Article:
In a study conducted by Cooper et.al (2005)2, the predictors of labour productivity (i.e., in terms of work performance) were investigated with “A Shortened Stress Evaluation Tool”. Around 16001 employees were studied with 26 various occupations.  In the study, 3 variable parameters were studied and they were psychological wellbeing, physical well being and job satisfaction. The study found that people with more stressful occupations tend to have a lower psychological wellbeing and had the least job satisfaction in comparison to other people who had higher psychological well being and greater job satisfaction. Darko et.al (2021)found out that not all employed people are always happy.

Therefore, there is a need to understand the relation between wellbeing and work efficiency of the people from different sections of the society working in different sectors of the economy. This is because socio-cultural constructs and background do impact the wellbeing of people and hence on their efficiency in the workplace. After understanding the differential nature of impact of the socio-cultural constructs on worker efficiency, it is important to assess why the same or different factors impact workers in different working contexts in a varied form. Therefore, some of the questions that we need to ponder are –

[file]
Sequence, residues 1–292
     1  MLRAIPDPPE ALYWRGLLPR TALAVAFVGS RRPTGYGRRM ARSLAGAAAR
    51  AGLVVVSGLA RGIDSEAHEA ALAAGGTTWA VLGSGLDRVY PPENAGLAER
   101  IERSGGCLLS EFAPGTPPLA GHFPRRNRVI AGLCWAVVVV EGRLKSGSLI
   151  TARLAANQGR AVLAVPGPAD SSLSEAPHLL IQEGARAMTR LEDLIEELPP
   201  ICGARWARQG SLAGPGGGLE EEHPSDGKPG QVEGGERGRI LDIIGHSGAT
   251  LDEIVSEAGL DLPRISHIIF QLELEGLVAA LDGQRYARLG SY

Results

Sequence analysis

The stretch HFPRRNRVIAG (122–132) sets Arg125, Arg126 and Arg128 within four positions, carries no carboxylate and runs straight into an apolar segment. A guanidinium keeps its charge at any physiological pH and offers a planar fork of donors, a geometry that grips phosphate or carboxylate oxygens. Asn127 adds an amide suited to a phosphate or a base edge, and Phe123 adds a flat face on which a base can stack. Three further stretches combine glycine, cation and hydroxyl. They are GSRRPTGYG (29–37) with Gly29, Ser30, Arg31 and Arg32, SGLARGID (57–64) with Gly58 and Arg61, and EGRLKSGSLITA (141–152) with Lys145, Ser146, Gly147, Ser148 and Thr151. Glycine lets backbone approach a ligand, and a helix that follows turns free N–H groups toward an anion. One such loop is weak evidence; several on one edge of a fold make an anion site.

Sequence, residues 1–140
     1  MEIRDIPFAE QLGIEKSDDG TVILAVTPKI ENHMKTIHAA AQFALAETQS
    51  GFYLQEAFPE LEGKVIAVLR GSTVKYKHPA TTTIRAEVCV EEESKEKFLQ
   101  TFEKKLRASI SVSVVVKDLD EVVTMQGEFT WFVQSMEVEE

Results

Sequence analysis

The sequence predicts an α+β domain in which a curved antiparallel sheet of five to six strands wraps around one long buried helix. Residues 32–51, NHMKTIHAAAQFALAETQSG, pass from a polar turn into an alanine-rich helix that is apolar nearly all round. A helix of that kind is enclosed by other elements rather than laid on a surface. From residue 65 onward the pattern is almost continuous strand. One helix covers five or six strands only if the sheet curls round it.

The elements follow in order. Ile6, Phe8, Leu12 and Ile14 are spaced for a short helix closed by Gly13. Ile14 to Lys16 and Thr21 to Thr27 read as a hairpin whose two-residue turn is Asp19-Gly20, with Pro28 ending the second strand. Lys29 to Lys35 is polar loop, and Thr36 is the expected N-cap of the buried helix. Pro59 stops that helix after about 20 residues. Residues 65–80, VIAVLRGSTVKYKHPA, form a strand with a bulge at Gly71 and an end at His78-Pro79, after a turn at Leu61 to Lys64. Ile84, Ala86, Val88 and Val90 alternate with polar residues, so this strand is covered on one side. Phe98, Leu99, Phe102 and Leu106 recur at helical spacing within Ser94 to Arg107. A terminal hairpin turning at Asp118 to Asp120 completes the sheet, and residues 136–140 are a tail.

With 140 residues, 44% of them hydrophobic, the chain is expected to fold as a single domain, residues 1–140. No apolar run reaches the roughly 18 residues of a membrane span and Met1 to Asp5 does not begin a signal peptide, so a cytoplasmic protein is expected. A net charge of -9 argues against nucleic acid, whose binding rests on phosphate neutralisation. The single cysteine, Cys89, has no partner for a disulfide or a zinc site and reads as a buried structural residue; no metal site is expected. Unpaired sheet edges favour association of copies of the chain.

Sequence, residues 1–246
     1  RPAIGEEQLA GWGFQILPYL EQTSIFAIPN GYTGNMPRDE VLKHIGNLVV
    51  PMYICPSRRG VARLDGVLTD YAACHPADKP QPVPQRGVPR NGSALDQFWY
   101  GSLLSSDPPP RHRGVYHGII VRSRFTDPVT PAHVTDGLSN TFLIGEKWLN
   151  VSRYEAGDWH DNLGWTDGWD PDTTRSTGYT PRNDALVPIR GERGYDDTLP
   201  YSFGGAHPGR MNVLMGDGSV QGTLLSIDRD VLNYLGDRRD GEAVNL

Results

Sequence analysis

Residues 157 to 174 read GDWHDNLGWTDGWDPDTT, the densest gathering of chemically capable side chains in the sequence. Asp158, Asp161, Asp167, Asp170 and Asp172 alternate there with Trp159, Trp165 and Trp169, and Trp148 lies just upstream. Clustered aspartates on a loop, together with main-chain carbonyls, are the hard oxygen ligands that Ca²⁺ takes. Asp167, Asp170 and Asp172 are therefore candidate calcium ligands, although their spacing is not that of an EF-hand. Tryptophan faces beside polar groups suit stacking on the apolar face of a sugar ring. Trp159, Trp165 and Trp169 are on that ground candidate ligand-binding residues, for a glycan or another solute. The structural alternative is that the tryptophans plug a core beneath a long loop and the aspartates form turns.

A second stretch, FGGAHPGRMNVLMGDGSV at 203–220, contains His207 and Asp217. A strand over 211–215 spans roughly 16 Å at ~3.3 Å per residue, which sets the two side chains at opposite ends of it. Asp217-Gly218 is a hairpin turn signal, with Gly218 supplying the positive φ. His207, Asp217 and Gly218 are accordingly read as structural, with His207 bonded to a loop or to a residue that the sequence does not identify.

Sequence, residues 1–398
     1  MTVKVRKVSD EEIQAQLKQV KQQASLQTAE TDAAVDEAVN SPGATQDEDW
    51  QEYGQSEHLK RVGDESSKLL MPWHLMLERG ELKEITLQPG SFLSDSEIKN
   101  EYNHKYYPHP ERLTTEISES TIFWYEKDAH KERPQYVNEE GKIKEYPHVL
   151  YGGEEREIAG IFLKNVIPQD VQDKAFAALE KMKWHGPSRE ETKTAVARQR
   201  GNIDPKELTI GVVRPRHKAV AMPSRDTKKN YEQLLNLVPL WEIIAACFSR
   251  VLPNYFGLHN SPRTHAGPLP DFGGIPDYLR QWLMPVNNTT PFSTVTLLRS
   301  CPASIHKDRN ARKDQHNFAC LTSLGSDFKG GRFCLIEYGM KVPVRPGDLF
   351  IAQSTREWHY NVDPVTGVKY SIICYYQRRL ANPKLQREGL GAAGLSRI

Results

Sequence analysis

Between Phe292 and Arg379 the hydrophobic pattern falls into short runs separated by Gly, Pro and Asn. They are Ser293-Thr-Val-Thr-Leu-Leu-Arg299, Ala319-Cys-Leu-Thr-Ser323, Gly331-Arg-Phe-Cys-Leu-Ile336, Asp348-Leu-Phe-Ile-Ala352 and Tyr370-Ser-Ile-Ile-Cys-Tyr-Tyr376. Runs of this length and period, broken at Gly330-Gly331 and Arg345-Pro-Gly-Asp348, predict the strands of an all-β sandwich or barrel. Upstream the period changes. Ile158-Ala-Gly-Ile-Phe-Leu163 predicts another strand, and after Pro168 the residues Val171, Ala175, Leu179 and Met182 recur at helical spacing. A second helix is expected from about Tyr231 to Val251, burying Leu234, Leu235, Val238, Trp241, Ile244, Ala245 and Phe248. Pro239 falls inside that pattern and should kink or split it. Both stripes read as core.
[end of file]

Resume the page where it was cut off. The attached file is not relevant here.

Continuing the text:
1. Is there any relationship between efficiency and the psychological wellbeing of an employee?
  2. Does higher income indicate better psychological wellbeing?
  3. Which sectoral employees have the highest job satisfaction?

In order to explore these questions, a survey based method was used focusing on age groups of 18 -30 and 30-40. The survey was conducted for employees from the private, government sector. Questions regarding their well being were asked and further insightful interview methods were applied to understand why they were in a certain state of well being.